Admittedly the two horses that allowed him to set the pace that day, before joining him in a sprint for home, have both run tamely since. But Kicking King at least showed plenty of spirit in his galloping and jumping, apparently impervious to the tendon injury that had menaced his career fully two years previously.
If he is to have any credible chance of retrieving his crown from Kauto Star, of course, Kicking King must make the most of the 7lb he receives from Hi Cloy today. There will be no such charity from the opposition at Cheltenham.
There is also a hurdles trial in the same sponsorship at Gowran, where the obvious credentials of Jazz Messenger place uncomfortable focus on the awful form of his stable. It is not uncommon for Noel Meade to lose some momentum in the second half of the season, but he has not saddled a winner since New Year's Day and acknowledges that he has been dealing with some kind of problem.
Success has never spoiled Meade, and the same will be true of his present frustrations. He runs another of his top hurdlers, Aitmatov, at Navan tomorrow. Let's hope the yard can get back on an even keel in time for the Festival, where it is still owed many better days.
Wichita Lineman back on main road
Another powerful yard that has struggled to sustain a prolific start to the season is that of Jonjo O'Neill. Mind you, we could all do with problems like his, with 93 winners on the board so far, and there have been increasing signs of renewal over the past month.
O'Neill, moreover, has historically tended to get his horses to the Festival in peak form. Wichita Lineman (1.05) is therefore a confident choice to come back to the boil on his return to three miles at Haydock today, having looked ravenous for the extra distance when running so well at Cheltenham on New Year's Day. Nobody stokes a horse's fire like Tony McCoy, of course, but this is a deserved opportunity for the injured champion's deputy, Richard McGrath.
Estate (2.10) looks sure to score for his new stable, that of David Pipe, sooner rather than later, while the most valuable prize of the day, the Red Square Vodka Gold Cup, can fall to PHILSON RUN (nap 2.45). Fourth in the Grand National at 100-1 last year, he made a very promising resumption off this mark at Warwick, travelling well until found out by two late errors. Still lightly raced for a horse of his years, he proved at Aintree that he does not need heavy ground after all.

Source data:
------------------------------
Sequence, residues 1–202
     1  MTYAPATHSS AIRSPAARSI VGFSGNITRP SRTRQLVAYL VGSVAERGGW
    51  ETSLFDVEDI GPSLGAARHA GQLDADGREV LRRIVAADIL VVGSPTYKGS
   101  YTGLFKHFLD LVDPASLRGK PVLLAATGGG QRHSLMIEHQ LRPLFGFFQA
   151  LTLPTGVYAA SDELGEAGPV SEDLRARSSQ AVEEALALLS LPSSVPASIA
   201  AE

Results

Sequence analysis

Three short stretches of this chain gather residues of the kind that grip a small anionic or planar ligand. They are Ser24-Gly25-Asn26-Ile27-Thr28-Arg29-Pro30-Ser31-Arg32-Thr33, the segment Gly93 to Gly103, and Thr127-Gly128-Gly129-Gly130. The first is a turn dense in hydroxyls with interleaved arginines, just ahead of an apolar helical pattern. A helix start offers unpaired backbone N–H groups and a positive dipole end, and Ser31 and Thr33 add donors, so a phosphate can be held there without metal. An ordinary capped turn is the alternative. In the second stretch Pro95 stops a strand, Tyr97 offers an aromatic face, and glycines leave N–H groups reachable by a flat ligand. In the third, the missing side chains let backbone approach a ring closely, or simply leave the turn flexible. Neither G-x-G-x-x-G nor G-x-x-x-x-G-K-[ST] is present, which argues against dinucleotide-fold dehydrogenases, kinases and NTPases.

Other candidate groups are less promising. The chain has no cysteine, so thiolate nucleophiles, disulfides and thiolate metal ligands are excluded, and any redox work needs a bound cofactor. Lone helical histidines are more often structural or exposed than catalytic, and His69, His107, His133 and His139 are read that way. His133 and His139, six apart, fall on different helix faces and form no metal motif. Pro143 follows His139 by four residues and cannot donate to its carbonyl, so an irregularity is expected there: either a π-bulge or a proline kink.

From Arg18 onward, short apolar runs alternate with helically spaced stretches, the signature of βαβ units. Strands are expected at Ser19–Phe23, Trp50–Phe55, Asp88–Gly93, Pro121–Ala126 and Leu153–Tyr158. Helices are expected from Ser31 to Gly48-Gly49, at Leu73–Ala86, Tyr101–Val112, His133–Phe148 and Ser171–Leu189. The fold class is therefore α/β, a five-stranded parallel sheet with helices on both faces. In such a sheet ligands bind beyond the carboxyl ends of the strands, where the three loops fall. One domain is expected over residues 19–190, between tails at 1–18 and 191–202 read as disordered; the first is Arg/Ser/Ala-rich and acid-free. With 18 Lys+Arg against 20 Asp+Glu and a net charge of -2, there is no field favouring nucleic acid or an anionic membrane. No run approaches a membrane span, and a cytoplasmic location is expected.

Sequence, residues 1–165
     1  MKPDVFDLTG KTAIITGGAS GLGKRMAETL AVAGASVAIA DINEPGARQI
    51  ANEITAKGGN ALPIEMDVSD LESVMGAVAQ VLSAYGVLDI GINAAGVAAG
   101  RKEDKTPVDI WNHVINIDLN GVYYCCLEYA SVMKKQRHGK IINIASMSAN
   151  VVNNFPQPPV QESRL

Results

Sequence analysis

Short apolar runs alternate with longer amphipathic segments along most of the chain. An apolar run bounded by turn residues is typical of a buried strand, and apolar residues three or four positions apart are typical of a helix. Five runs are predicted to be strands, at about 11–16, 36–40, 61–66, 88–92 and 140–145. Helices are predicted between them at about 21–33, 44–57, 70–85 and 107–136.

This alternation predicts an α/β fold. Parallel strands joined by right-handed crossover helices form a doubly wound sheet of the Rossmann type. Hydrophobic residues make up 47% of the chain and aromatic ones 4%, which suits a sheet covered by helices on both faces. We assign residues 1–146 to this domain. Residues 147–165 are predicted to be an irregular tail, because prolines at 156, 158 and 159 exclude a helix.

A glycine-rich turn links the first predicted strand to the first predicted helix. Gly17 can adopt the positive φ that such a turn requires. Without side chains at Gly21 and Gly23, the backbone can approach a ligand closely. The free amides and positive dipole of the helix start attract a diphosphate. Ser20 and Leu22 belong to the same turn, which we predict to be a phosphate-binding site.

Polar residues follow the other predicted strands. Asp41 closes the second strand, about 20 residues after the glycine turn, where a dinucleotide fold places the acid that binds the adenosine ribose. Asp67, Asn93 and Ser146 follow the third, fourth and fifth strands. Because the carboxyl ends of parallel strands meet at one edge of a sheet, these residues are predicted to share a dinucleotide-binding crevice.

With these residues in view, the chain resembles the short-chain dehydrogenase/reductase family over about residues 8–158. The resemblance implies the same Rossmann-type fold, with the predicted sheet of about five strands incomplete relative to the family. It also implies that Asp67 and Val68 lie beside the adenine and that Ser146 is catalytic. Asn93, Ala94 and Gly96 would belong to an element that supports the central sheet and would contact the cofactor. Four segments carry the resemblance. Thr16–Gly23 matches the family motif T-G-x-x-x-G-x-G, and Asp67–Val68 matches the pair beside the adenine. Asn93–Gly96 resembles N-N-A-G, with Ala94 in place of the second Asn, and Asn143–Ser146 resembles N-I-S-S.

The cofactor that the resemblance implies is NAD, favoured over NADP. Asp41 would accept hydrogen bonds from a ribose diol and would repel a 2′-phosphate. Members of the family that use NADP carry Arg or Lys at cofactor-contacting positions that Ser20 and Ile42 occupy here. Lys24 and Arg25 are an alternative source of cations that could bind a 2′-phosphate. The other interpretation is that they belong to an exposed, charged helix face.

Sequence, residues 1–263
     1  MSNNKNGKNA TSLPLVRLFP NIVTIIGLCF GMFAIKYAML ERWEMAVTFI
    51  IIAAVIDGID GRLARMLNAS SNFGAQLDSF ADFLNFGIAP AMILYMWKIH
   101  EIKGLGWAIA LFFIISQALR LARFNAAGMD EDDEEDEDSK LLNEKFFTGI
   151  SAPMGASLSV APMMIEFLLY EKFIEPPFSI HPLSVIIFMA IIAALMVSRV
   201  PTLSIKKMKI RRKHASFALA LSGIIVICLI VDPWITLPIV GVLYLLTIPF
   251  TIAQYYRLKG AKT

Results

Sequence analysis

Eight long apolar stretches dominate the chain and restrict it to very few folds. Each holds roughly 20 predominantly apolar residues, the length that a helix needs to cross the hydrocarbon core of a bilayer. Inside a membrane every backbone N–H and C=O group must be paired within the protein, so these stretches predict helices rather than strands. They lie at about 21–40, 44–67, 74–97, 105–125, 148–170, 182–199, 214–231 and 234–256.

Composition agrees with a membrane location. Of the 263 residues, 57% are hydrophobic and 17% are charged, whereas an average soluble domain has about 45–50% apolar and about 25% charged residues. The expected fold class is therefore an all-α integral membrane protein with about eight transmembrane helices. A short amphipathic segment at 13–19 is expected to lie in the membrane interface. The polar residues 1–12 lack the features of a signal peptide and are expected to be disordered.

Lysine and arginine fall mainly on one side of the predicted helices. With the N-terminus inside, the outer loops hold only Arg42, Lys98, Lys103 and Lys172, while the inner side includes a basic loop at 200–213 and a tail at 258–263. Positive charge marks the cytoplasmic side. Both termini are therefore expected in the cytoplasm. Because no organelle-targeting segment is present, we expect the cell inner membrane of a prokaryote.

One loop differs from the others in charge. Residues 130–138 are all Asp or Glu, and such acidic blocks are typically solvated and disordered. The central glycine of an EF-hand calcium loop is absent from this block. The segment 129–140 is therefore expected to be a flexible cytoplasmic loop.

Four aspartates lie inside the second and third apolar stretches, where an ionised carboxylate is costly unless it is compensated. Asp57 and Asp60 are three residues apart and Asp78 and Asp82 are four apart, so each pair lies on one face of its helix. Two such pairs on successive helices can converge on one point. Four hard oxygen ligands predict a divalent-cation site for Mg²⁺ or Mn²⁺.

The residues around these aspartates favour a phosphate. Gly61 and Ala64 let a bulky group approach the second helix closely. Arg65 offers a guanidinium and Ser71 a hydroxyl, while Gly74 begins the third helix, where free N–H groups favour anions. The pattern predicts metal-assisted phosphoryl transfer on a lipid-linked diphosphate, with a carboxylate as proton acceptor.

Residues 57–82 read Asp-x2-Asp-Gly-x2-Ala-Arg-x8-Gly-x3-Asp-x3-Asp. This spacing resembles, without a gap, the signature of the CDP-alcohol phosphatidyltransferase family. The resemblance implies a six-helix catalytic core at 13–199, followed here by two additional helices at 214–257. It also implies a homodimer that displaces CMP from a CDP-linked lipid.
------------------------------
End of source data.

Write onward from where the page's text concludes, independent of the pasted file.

Moloney's tip in the air for Merry Music
With Osana being kept fresh for Cheltenham, there seems little prospect of the Bathwick Tyres Kingwell Hurdle at Wincanton yielding a fresh threat to Sizing Europe. Katchit has looked no less willing since introduced to his seniors this season, but has not proved quite so difficult to beat – Osana himself having given him a good hiding at Cheltenham last time.
So preference is instead for Blythe Knight (3.40), much improved in the skilled hands of John Quinn over the past year or so, and freshened up after disappointing on his return to hurdles in December. He had cruised past Osana at Aintree in the spring and, at 25-1, could yet prove the best value against the Irish in the Smurfit Champion Hurdle.
The most intriguing prospect on the Wincanton card is in the very last race, however. Paul Moloney must have been pretty taken with Merry Music (next best 4.50) when he rode him at Leicester in December, because he is prepared to jump into a helicopter after riding Racing Demon at Ascot to be sure of getting here in time. Merry Music travelled well for a long way under Moloney, before tiring on his first run for a year, and again promised more to come under another jockey last time. A bumper winner at the Galway Festival in his youth, he could prove very well treated among this rabble.